Joaquin Sabina, “Y Sin Embargo” from Yo, Mi, Me, Contigo (1996): One Track Mind

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He started his career by throwing a Molotov cocktail at a government building. This happened during the student protests against Franco’s fascist government in early-1970s Madrid. Fearing persecution, Joaquin Sabina then fled to London, returning a few years later to celebrate the end of Franco’s dictatorship. Yet, the revolutionary strain never wholly left Joaquin Sabina: His music is as subversive and explosive, even in his love ballads, as were his politics.

Coming to Sabina’s records from the American pop and rock tradition, it’s impossible to overlook his debt to the great literary songwriters of the 1960s and ’70s. His style is strongly reminiscent of Leonard Cohen and Bob Dylan. He shares the latter’s commanding voice, bent for colloquial poetry, and hard-earned wisdom. This is not to say Sabina is a Spanish Dylan, however. He blends his many influences, which include Spanish poetry and Latin-American music, with a musical and literary sensibility all his own.

One of his greatest songs is the beautiful but cruel love song “Y Sin Embargo,” which appeared on 1996’s Yo, Mi, Me, Contigo. The intro music suggests a gentle ballad of love and longing, as does the first line, with the singer declaring he’d lay down his whole life for his lover. And yet, next thing we know, he tells that he’d cheat on her with anyone; he’d exchange her for anyone without a sense of regret.

The song’s beauty is that this tension between faithlessness and love is never resolved. The verses keep telling of the singer’s troubled relations with other women, while the succeeding refrains repeat his declarations of love with more exuberant poetry each time around. Towards the end Joaquin Sabina sings:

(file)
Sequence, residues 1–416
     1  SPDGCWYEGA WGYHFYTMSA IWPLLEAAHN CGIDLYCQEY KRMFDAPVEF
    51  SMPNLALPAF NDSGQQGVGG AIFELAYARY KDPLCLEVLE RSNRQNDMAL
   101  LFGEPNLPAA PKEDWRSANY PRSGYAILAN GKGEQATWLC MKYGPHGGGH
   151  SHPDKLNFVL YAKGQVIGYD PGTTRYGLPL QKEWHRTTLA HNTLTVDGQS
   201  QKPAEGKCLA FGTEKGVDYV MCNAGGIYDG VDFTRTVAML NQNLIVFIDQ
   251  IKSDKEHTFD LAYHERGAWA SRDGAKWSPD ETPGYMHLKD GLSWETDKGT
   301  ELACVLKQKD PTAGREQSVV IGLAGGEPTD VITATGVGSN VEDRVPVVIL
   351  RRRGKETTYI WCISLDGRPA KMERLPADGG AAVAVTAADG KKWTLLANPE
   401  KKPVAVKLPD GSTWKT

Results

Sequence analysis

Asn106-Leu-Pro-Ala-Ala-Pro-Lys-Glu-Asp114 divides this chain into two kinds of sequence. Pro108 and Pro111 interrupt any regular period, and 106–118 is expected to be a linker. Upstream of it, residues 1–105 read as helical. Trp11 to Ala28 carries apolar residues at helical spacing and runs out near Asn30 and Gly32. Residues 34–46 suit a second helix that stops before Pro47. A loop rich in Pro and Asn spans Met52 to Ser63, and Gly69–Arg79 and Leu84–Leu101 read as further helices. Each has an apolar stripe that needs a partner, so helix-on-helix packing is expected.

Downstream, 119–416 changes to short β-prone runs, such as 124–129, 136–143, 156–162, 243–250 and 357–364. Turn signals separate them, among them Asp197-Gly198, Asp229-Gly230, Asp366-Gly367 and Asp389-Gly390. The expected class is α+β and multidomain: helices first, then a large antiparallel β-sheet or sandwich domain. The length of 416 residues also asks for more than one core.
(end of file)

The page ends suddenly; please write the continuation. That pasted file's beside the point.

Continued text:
Porque una casa sin ti es una oficina (Because a home without you is an office)
Un teléfono ardiendo en la cabina (a telephone blazing in the booth)
Una palmera en el museo de cera (a palm tree in the wax museum)
Un exódo de oscuras golondrinas (a dark exodus of swallows)

The mysterious ways of love are not simplified by a straightforward conclusion. They remain to the end where, with a final touch of genius, the song fades out not during a repeat of the chorus but during a new variation. We strain our ears to hear the end of the story, but it merely returns us to the beginning: over Monday breakfast the lovers’ “cold war” returns and the cycle starts again.

Though it’s only one song from a long and varied career, “Y Sin Embargo” is as good an introduction as any to Joaquin Sabina’s music: a subversive love ballad that’s at once tender and cruelly unforgiving.

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